At the end of January 2018 cryptocurrencies big and small did what they’ve been doing for the past few years now and took a (pretty massive!) dive. The market went from an all-time high of around $USD830 billion to around $USD240 billion at the time of writing.
Fair to say that a lot of people lost it, a lot of people got burnt and a huge number of (fairly undeserving) blockchain projects lost anything up to 90% of their value. Some deserving ones lost all their value – which was a good thing in the end. Ultimately the crash, particularly for Bitcoin, was another round in a pattern that has been in place for the past few years. Not that anyone who invested in Bitcoin or many of the legitimate Altcoin projects in December of 2017 would have been comforted by that.
As Bitcoin and the market in general begins to show signs of a recovery it’s worth looking at a few reasons why a market downturn isn’t always the end of the world.
One thing to always keep in mind with Blockchain (and anything to do with cryptocurrencies) – it is VERY early days. The market to this point has been made up of what is still a relatively small number of retail investors, for all of the hype that it has drawn.
Over the past 12 months we’ve seen a huge upturn in the adoption of blockchain in many areas of business – we’re beyond individuals and corporations and now into entire countries looking at blockchain adoption and usage. As many of the current major players (South Korea, China and others) move beyond the first stages of regulation and opening new markets for projects and therefore cryptocurrencies to grow, adoption will begin to increase exponentially.
The higher the level of acceptance and therefore legitimacy for real uses in Blockchain the more valuable the assets and therefore the whole market become. The addition of Bitcoin ETF’s and other asset trading vehicles (when they arrive, and they’re not here yet!) will further push adoption, possibly not all of it positively.
Crash is a nasty word, so let’s call it a downturn. In crypto they tend to happen regularly, firstly with Bitcoin and now with Ethereum and the Altcoin markets. Cryptocurrency markets are incredibly volatile, in the main because up to now they have been retail and small investor-driven – meaning it is very easy to create a panic and cause major issue – FUD is a prevalent concern in cryptocurrency markets and even very simple whispers of issues in a project can cause major price changes . Of course, with a dearth of fraudulent ICO’s and a LOT of very under-resourced, poorly managed projects out there, the rumour can also be entirely true!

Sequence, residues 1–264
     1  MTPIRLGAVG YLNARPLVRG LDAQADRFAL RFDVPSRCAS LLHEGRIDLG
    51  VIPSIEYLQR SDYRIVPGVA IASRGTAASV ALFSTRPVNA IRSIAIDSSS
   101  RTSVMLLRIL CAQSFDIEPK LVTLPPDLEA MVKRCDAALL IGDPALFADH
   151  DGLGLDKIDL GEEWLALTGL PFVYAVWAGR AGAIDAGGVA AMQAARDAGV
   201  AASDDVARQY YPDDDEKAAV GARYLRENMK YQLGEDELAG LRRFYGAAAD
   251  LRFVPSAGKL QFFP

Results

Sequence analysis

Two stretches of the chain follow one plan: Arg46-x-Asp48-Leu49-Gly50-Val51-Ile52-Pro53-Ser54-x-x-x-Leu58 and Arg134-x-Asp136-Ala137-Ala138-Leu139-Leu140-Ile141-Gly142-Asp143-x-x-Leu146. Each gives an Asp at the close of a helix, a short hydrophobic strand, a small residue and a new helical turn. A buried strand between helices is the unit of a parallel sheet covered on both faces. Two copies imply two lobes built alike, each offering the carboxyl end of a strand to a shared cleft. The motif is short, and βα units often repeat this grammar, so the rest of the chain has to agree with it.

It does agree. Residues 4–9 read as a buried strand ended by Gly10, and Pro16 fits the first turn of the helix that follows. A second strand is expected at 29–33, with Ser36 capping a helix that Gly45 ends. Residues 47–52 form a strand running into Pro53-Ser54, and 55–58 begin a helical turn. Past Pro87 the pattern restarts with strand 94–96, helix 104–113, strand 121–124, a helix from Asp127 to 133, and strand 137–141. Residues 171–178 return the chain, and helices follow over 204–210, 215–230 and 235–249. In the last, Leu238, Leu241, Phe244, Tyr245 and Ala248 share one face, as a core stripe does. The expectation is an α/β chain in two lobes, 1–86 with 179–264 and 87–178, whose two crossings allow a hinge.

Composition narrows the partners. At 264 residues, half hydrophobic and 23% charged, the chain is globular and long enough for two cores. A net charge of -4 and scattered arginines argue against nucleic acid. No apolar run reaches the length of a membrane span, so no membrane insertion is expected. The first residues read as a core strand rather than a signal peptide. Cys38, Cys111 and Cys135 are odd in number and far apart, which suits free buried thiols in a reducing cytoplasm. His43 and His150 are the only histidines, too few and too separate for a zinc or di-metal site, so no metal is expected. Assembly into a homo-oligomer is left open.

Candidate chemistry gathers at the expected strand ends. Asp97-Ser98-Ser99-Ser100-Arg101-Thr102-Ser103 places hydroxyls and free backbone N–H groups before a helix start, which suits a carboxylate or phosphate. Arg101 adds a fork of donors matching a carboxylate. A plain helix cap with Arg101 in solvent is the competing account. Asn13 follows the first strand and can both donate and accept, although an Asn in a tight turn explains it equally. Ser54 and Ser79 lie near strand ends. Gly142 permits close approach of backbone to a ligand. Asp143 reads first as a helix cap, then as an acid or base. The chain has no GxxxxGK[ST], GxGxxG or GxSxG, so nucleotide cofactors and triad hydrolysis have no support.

The important things to remember about market downturns are (a) they’re not new, and they happen in every market and (b) what you do when the market turns south can determine whether it is a positive or a negative for you. Leading to the next point…
Your money isn’t lost unless you sell
Unfortunately the fear of missing out in any sort of trading is real, and human nature is in general pretty unhelpful in the kinds of scenarios you find yourself in when the market turns. For the majority of new traders, especially in markets like cryptocurrency where so much media attention talks to massive riches and incredible returns, watching the value of a portfolio shrink, sometimes by large percentages in short time periods, can be a panic-stricken experience.
Two rules should always apply.
The first is don’t put in more than you can afford to lose. It’s a simple concept but one that people continually forget – if you can afford to lose it and the market turns down you’re not going hungry or losing your home, which makes everything else easier to handle.
The second is ‘don’t flinch’ – rational decisions are better than panicked ones. Made some profit and worried that the market is turning? Sell and get out ahead. Market turned on you and you’re in loss-making territory? Followed rule #1? Sit and wait – in a lot of cases if the project is good the market will turn again and you’ll have another chance to profit.
Down means opportunity
Google “Buy the dip” – there are lots of great pieces of advice out there and good trading strategies that go way beyond an adage. Dips are opportunity, plain and simple. If you look at them that way, and you’ve done the research on the projects that you are buying into, then a market turn can be a great way to make bank.
There is a lot more to it than what it sounds though, and buying the dip in a micro sense is a great way to end up with no money – for early traders or people who are just taking a punt, do the research, buy when the market is well down and then sit on your asset – there are opportunities in patience too!
If you’d like to join the conversation or add some thoughts you can do so below.
Simon was the GM and Head of Business at SitePoint, and a mentor at INCUBATE.
Jump Start Git, 2nd Edition
Visual Studio Code: End-to-End Editing and Debugging Tools for Web Developers
Form Design Patterns